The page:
Like I stated before, only if my kids are doing well will they get a car. Minimum requirements: a 3.5 grade point average unless they are active in a school sport or important extra-curricular activities. (Drama and band do not count.)

If they are active and involved, a 3.0 GPA is okay. On top of that, I will evaluate my kids individually to see if they can mentally handle a car. If my kid rolls with a bunch of tools, no way in hell is he going to use one of my vehicles. Gaby used a couple examples of good kids who went wrong once they gained access to a vehicle. Yes, that happens. But she also had a few friends that went to college and became party animals and dropped out. So should we not send our kids to college now, too?

Getting a car puts your kids in a position of responsibly— it’s one of their first life tests. They either sink or swim. With or without a car, some kids are going to make bad decisions regardless.

I don’t want to parent in fear. What if my daughter gets into an accident while texting? What if my son gets hurt playing a sport? You can jump on MSN and they will tell you 99 things you should not do as a parent. What did parents ever do without MSN 20 years ago?! I follow my instincts and my instincts tell me to reward good behavior and accomplishments. I believe in paying my kids money for goals and assists in sports. At work, when we do good work what do we want? Money! Yes, you probably love your job but nothing can make your day like a pay increase. It motivates you and keeps you hungry. I think motivation is a powerful tool and I want to make sure my kids are taught to stay fully motivated. And if the thought of a new cars gets them to hit the books and work hard, I am willing to pay out.

And no, you can’t be my kid. Tryouts are once every four years.


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4 Responses to “Should You Buy Your Kid a Car in High School?”

  1. wtg22

    Hey now, don’t knock the Kia! We love our Sorento! (Even though they totally spell Sorrento wrong.)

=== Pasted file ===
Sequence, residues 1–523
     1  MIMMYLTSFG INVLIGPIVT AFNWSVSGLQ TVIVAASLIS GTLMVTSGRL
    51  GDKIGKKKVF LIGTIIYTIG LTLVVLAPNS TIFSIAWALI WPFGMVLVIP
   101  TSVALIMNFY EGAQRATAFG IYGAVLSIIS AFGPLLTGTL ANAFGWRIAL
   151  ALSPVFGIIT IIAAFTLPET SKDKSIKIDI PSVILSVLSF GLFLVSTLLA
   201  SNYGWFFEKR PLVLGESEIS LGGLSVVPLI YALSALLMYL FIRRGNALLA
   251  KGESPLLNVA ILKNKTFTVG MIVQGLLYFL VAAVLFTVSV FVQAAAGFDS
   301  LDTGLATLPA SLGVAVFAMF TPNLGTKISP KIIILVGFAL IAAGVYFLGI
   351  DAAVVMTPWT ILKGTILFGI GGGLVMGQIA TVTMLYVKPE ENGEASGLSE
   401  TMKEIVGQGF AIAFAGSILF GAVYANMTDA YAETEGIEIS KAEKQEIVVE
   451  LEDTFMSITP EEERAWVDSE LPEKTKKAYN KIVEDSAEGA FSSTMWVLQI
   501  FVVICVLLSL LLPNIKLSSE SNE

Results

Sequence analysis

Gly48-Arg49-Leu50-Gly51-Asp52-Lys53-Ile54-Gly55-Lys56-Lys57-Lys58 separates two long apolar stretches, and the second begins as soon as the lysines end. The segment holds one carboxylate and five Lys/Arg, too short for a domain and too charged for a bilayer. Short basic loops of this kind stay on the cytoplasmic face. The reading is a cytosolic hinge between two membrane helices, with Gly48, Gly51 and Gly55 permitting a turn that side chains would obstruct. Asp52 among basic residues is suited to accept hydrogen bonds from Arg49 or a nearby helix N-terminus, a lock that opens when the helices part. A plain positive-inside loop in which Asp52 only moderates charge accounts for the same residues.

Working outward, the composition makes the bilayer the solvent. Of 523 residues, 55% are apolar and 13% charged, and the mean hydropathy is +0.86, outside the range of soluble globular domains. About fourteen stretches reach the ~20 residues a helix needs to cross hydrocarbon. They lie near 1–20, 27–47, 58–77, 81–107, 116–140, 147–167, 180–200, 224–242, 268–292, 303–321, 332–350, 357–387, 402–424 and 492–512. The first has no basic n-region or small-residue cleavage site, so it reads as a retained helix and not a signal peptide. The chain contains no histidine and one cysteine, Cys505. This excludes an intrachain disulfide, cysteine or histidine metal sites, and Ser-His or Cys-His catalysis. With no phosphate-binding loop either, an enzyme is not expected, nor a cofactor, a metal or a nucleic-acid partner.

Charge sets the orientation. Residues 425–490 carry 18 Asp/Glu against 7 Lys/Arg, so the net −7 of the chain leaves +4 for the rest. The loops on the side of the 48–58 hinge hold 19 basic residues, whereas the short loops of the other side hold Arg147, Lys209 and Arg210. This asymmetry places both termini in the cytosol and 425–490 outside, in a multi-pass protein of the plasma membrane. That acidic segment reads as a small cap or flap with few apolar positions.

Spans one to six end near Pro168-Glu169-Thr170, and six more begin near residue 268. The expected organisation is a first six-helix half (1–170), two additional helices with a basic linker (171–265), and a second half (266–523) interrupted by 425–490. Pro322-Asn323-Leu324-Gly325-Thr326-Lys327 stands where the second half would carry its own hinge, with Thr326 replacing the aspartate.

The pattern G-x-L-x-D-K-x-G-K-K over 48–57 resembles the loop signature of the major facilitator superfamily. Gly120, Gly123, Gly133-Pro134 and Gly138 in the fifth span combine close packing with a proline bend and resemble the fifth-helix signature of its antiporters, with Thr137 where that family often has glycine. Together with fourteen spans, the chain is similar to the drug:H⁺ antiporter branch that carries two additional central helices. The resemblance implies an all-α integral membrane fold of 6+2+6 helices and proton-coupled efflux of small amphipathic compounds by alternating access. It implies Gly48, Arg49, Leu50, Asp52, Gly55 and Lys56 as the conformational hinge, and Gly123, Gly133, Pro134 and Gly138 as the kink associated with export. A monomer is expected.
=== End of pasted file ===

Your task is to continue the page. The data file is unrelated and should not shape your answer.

While I appreciate Gaby’s argument about appreciating the things you have, and while I agree that a brand-new car is not necessary for a high school kid, I have to side with Eric on this one. I don’t know if I’d buy Lucas a car just for good grades, but I think I’d have to be the total package kind of a deal. Like, you’ve been a trustworthy, responsible person who’s worked hard at school and is involved in activities…you deserve a car. However, the bigger reason why I’d buy him a car would be to teach him responsibility. I might have him pitch in and pay for his insurance, for example, if he has an after-school job. I would want him to understand that just because he has a bit more freedom now, he still needs to respect our rules. If he breaks them, we take the car away.

    And in California, not having a car pretty much means you can’t do shit. I do not want to cart my kid around after he’s got his license and when he’s in college.

    Now, I have to say, I didn’t have a car in high school, but my circumstances were different. I knew I was going to college in New York City (I didn’t apply anywhere else, nor did I intend to apply anywhere else.) I carpooled and I borrowed my mom’s car on days I didn’t carpool (she would hitch a ride to work with a coworker who lived in our town). And when I left for college, I, like every other New Yorker, used public transportation. If we lived in an area with good public transportation, I would be telling my kid to catch the bus, the Muni, the subway, the T…whatever’s clever. But we don’t, so a car will have to do!

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  2. alex

    Personally, I think we should be teaching our kids to take care of those things as soon as possible. Based on how your kid treats their belongings, you’ll be able to gauge if they are ready for a vehicle or not. I agree with Eric on this but I would probably buy them a good used car instead of a brand new one. I mean, if your kids get good grades but tend to be irresponsible about certain things then I’d think twice about it but if they have a good head on their shoulders, why not?

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  3. JONELLE garofoli

    I have an almost 3 year old and a 16 month old. As long as he is doing well, earns the car and works to pay for his own gas, by all means, take yourself and your little sister to school. I never had a car and HATED relying on rides from people because BOTH my parents worked. It sux as a kid not having that availability when needed especially since I played sports and was very active in clubs throughout highschool

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  4. Robert

    I’m going to have to agree (to an extent) with Eric on this. (sorry comadre!) As long as your child meets all of the requirements (ie grades, sports, responsible, etc) and if you have the ability, a car is not a bad idea. However, I would never EVER buy them a new car. It would definitely have to be used. That car will be beat to hell. So, a used Civic or Corolla is not out of the question. And as parents, you always have the option of bringing your kid right back to earth if they start slipping. No car for you! (for a week or whatever).